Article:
Card payment: Who actually decides on the PIN or signature?

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The bank card has become an indispensable means of payment. When shopping, it is increasingly replacing cash, and at the checkout, it says, ‘Please enter your PIN’ or ‘Your signature, please’. Customers have no say in the matter, but why is that?

Paying with a bank card: what customers need to know
Anyone who hasn’t already switched to mobile payment via smartphone or smartwatch will often use their bank card, giro card or EC card (the old term). If you haven’t heard of one or the other yet, don’t worry: the different names refer to the same thing – the card you use to access your bank account, but not the credit card.

Especially since the pandemic, the debit card has become indispensable for even more customers when shopping – and is finally being accepted in many more shops. But who actually decides whether we have to enter the PIN or sign at the checkout? The short answer is the retailer and chance.

PIN or signature? Retailers have the last word
On closer inspection, the hidden process becomes a little more complicated: whether you are asked to enter your PIN or sign always depends on the shop where you want to pay. But what is the difference between shops and retailers?

When paying by PIN, your account is debited immediately (source: Sparkasse). The merchant receives the money and can (almost) rule out problems later on. This is why you may also receive an error message at the checkout when paying by PIN if you have less credit available (and no overdraft facility). However, the account balance will not be displayed.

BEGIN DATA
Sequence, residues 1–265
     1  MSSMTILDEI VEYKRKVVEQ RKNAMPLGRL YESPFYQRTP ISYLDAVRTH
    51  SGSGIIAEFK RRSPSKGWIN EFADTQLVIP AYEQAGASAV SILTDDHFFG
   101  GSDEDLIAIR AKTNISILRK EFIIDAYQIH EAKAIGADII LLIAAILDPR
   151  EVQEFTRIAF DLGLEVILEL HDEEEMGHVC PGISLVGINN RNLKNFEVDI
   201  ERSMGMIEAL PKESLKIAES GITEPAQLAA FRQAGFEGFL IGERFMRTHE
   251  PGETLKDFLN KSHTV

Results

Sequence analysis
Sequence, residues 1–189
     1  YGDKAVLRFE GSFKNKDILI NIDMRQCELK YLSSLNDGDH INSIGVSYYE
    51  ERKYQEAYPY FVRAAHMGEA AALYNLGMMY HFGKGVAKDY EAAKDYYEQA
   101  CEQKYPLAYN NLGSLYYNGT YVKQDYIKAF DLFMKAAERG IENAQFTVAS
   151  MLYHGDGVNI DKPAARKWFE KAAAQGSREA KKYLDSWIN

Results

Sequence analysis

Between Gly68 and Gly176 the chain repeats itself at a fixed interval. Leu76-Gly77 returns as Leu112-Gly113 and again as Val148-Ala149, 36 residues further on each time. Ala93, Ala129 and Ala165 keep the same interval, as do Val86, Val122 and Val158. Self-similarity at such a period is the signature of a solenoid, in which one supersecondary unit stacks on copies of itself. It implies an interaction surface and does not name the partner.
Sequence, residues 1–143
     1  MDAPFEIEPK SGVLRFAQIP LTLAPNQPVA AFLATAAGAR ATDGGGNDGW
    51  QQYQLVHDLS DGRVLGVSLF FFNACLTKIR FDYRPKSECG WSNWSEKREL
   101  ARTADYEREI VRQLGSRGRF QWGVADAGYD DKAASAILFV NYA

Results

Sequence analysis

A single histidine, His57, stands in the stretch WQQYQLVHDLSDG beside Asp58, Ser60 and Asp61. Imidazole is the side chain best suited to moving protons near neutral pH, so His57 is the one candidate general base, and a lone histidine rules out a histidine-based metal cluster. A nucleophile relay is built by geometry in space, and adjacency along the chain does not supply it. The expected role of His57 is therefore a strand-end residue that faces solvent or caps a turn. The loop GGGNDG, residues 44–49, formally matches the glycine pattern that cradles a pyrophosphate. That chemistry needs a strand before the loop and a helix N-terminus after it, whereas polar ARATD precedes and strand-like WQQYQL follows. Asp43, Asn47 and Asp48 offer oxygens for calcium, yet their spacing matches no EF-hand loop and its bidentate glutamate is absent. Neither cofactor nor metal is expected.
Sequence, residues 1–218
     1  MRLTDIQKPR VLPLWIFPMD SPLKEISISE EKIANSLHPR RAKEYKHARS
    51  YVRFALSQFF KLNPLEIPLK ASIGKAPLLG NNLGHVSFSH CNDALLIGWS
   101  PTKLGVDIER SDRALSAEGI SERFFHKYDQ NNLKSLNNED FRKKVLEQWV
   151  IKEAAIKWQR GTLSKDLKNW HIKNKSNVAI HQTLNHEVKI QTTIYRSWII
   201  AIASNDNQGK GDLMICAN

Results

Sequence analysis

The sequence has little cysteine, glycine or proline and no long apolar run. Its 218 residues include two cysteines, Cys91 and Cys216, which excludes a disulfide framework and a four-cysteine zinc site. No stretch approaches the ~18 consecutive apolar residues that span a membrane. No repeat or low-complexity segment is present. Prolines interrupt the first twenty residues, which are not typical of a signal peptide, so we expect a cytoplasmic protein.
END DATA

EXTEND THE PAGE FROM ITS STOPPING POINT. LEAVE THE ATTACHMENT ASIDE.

If, on the other hand, you are asked to sign, you are authorising the seller to collect the amount from your account at a later date by electronic direct debit (ELV). This also works if you are (too) short of cash. The problem for the retailer is that nobody knows whether you are really solvent or whether you are buying on credit. In addition, direct debit payments are easy for you to reclaim.

PIN on the rise: Signature is becoming less common – for good reason
For merchants, everything speaks in favour of the PIN – it is simply more secure. But the service costs money: Retailers usually pay around 0.2 per cent of the purchase value to the relevant bank or payment services such as Visa or Maestro. The solution: Many supermarkets, retail outlets and catering businesses switch back and forth between the two systems. As a rule, the PIN request predominates, which ensures secure income. Signatures are used less frequently, but there are savings to be made here.

So, if you’re running short of money at the end of the month, you, as a customer, could come up with the idea of preferring to pay by signature and thus delaying the direct debit. However, this only works if you know shops that only accept ELV payments.

If you pay contactless with your debit card using NFC, you often don’t even have to enter your PIN. This makes the payment method particularly fast. However, there is a minimum amount for security reasons, so you still have to enter your PIN for larger purchases. The limit is usually 50 euros. Nevertheless, if you have activated contactless payment, you should have your card blocked, particularly quickly, if you lose it.

  • source: giga.de/picture:
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